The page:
What’s the Correct Gap Space Between Boards?!

You’re planning to build your deck, you ask your buddies and read the thousands of deck blogs and everyone seems to give you VERY different answers about what is the proper gap spacing you should be using for all your boards. The reason there’s so many answers is because there are many variables that dictate what gap spacing to use. In short, there’s no one answer that fits all but here are a few things to take into consideration.

  • Drying Method: Exotic hardwoods can be Kiln Dried or Air Dried. Depending on which method the wood was dried, it will determine what gap spacing you use. Air dried wood can use a 3/32” or 5/32” gap while Kiln Dried wood should be using ¼” gap spacing. Typically, but not always true (because of other variables), kiln dried material can move more and need a wider gap to expand during the wet months.
  • Environment: This is probably one of the more important variables when deciding what gap spacing to use. In areas where the climate changes according to the seasons, you want to take deck board movement into account. For instance in Buffalo, NY where you get hot summers and snowy winters, wood can move a lot and requires a different gap spacing to accommodate for the movement.
  • Installation: If you’re installing decking over water or on areas that will see substantial amounts of rain or you don’t have don’t have 18” of space under it, using a wider gap will help boards move evenly in all four sides and prevent water from stagnating.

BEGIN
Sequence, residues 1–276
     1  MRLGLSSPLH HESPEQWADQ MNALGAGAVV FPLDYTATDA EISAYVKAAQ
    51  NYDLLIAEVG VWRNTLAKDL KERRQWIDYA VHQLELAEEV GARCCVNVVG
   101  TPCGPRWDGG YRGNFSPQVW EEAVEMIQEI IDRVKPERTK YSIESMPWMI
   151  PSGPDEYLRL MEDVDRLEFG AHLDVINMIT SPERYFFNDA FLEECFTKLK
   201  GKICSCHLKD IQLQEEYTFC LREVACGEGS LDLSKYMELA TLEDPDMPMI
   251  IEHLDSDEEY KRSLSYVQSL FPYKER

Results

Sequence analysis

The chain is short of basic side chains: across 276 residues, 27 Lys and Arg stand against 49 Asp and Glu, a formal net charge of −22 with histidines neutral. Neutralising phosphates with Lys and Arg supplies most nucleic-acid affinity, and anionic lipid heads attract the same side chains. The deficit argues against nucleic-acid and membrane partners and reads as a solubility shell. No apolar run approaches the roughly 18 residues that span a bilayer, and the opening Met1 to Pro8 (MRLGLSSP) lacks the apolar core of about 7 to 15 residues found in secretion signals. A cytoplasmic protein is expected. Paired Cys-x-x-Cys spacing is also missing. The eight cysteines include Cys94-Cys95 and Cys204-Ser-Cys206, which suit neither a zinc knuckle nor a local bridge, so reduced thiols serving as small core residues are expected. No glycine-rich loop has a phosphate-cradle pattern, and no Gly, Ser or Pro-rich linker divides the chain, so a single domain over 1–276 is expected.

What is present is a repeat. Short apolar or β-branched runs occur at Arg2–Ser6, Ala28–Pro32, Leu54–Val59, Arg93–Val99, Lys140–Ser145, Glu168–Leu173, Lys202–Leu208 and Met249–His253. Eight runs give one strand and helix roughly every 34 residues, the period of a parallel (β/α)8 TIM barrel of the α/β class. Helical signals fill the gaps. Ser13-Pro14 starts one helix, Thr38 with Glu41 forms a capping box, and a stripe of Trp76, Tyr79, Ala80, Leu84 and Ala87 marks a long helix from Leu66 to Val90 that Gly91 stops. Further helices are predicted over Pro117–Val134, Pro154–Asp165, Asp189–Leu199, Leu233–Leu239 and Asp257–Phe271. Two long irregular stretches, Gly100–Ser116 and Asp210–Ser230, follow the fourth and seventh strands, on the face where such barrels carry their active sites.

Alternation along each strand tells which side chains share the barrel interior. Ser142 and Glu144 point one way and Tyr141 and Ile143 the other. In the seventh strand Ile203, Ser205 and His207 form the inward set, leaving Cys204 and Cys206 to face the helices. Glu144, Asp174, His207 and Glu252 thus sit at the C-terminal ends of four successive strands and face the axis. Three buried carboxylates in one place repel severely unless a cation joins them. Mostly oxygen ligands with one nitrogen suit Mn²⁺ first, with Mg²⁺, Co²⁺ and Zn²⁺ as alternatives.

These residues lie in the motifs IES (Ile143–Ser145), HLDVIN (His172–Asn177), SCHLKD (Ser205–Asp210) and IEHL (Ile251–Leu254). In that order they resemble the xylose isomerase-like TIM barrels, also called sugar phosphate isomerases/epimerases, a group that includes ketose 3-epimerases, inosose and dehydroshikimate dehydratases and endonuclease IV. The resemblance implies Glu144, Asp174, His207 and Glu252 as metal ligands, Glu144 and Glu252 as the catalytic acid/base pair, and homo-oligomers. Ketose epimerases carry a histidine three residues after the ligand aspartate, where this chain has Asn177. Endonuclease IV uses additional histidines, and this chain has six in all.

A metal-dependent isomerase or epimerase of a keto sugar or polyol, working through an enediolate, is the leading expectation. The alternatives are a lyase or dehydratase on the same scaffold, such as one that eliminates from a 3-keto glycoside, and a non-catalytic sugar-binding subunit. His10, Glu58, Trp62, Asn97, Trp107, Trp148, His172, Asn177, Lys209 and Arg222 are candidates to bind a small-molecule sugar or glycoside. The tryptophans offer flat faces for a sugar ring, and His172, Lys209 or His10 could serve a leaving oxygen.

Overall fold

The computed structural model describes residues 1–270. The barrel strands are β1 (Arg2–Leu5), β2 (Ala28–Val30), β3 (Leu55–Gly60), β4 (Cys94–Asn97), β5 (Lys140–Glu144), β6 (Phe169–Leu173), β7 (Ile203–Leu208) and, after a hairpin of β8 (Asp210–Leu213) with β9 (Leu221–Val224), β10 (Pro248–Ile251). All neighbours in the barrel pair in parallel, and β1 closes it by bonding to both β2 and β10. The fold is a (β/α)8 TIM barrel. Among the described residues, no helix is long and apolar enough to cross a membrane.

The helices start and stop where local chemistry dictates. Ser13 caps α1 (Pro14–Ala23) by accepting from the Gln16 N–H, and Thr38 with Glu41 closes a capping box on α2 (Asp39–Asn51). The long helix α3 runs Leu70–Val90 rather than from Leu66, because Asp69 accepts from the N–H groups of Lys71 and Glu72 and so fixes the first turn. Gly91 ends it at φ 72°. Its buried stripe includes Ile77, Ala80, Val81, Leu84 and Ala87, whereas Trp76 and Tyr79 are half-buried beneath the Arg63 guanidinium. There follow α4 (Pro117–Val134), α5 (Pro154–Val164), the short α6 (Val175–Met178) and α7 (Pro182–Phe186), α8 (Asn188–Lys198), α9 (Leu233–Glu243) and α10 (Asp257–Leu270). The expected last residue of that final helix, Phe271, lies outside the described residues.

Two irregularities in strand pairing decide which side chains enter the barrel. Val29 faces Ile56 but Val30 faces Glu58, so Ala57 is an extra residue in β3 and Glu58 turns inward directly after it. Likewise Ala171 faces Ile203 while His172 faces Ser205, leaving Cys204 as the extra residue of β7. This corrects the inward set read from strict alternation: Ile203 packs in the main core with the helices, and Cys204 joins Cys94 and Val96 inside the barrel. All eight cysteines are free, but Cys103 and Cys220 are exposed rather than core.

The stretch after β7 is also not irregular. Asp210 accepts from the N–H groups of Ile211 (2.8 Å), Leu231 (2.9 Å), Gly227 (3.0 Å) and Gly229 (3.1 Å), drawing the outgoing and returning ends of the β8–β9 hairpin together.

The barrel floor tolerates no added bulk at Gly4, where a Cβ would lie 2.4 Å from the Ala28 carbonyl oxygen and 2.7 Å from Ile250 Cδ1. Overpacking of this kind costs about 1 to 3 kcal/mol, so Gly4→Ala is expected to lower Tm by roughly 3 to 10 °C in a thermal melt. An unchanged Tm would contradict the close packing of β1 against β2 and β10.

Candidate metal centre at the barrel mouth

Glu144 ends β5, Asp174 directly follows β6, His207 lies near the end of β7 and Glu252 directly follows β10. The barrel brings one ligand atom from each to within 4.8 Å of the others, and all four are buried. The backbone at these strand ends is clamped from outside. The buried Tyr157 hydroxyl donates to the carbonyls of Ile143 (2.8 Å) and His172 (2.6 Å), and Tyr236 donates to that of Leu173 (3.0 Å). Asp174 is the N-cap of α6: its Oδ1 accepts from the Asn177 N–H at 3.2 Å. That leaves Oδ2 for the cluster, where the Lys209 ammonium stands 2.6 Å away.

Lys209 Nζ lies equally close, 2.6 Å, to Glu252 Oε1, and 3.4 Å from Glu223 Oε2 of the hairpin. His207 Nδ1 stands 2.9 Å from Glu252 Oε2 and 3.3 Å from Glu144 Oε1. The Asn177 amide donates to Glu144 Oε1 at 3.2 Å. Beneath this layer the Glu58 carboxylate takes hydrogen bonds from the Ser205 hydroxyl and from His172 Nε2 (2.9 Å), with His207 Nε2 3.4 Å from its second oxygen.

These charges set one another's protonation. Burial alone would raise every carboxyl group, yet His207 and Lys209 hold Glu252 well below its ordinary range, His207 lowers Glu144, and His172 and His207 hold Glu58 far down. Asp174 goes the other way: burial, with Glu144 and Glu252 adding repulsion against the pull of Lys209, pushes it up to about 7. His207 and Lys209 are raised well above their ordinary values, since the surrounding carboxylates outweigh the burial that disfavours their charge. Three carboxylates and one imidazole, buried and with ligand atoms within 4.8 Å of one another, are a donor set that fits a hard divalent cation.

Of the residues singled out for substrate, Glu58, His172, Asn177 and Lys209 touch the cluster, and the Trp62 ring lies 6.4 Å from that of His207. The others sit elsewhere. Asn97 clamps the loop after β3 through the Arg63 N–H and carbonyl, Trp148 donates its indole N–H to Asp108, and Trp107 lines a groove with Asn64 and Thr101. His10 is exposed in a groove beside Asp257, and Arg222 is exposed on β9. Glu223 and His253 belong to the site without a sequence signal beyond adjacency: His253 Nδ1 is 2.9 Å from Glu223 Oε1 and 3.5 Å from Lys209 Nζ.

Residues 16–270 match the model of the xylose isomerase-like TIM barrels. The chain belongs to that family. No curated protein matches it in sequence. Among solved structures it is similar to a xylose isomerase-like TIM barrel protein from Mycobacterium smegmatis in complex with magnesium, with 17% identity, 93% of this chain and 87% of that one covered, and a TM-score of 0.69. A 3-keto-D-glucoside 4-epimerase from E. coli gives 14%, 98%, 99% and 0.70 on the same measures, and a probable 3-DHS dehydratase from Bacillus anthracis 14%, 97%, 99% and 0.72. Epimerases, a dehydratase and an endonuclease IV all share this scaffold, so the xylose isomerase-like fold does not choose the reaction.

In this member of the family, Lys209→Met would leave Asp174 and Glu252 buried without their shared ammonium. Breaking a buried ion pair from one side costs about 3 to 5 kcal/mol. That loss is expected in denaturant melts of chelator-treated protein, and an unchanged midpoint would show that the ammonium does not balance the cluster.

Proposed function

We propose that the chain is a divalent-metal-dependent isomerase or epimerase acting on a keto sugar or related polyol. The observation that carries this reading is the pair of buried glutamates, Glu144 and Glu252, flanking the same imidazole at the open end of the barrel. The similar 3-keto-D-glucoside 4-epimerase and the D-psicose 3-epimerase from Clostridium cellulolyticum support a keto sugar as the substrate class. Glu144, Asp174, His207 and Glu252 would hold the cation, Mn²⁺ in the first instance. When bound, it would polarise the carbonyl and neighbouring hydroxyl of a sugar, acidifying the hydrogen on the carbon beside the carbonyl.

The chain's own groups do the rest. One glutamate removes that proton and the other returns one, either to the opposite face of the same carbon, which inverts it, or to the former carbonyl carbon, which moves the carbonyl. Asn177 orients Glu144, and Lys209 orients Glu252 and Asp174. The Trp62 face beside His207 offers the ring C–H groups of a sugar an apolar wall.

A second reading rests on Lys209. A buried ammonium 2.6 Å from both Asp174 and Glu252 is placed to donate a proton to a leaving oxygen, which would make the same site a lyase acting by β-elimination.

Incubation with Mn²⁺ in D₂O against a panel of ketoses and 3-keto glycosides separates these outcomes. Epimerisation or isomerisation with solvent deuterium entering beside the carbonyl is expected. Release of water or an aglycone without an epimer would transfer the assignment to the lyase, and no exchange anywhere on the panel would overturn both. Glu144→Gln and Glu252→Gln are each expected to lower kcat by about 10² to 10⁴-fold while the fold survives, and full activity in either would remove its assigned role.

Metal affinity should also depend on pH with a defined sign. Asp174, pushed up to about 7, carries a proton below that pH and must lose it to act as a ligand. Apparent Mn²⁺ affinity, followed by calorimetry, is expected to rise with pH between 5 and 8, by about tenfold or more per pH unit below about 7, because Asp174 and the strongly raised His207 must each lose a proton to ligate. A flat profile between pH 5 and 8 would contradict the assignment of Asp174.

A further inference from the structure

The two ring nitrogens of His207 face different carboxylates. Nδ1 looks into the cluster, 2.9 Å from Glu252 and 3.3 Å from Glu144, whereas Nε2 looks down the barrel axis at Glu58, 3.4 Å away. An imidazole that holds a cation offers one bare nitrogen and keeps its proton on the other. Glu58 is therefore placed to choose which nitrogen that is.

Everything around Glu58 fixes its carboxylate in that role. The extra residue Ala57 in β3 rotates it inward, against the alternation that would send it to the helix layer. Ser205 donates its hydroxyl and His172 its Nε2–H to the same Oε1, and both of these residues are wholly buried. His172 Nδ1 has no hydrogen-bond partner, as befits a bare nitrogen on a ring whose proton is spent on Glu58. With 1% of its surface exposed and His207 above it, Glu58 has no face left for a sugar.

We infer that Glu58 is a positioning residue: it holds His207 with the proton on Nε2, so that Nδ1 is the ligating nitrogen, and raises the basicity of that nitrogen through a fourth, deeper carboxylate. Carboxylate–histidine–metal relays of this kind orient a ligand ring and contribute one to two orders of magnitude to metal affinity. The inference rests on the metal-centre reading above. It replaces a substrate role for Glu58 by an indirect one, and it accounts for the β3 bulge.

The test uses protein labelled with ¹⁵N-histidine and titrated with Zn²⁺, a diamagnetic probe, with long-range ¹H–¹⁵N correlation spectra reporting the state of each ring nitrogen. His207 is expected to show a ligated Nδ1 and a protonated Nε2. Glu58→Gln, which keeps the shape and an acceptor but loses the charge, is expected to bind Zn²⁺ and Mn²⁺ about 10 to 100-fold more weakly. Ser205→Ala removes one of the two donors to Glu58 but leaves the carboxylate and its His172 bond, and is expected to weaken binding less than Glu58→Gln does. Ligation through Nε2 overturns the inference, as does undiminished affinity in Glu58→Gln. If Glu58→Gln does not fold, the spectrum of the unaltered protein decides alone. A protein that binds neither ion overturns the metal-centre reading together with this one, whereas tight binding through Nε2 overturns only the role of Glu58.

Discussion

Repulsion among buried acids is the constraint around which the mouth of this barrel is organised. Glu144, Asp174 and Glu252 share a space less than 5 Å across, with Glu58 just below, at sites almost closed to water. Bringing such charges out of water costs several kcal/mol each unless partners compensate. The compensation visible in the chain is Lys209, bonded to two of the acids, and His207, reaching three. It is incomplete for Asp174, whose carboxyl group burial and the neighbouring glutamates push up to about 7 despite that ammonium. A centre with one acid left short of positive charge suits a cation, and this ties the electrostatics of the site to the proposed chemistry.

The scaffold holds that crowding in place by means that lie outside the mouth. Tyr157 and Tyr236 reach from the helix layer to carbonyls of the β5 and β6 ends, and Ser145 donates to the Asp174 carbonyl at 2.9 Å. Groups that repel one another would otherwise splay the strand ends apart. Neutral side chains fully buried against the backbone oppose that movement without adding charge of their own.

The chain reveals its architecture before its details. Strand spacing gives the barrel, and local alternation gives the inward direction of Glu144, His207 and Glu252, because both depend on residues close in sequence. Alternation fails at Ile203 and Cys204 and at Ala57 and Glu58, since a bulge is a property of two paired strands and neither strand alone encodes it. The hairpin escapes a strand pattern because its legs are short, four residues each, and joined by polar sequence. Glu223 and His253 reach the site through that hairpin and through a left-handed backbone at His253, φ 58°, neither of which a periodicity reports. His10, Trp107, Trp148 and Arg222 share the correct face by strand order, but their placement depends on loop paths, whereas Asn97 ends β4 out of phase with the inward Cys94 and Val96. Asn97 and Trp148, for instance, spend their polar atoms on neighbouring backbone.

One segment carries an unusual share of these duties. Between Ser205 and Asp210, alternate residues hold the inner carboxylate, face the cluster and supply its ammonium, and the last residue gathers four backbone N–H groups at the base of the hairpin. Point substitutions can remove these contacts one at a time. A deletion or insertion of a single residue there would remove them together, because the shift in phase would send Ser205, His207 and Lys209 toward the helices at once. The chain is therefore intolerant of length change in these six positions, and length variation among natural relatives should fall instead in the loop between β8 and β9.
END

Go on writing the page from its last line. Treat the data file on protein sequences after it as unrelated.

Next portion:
These are some of the three larger variables that will dictate what spacing to use. However, we always recommend that you go locally. Look for experienced exotic deck builders and ask what works best for your particular situation and if you’re doing everything yourself, give us a call! Our experienced sales people will guide you in the right direction.

2 thoughts on “What’s the Correct Gap Space Between Boards?!”

  1. What material do you use over the end when it has a substantial curve? Is there a thinner version of the same wood. I see curved pieces in pictures, but no discussion of those materials.

  2. Ipe wood is incredibly tough to bend. We’ve seen people cut small kerfs in the back of a board then bend and fasten at least every 16 inches. We’ve also had customers order thin wood and laminate several layers with the curve they needed with strong epoxy. None of these methods are guaranteed and there’s some risk of them failing since your taking one of the strongest woods in the world and bending it when it doesn’t want to be bent. So do these at your own risk but we’ve heard some of these methods have worked and held up for many years.

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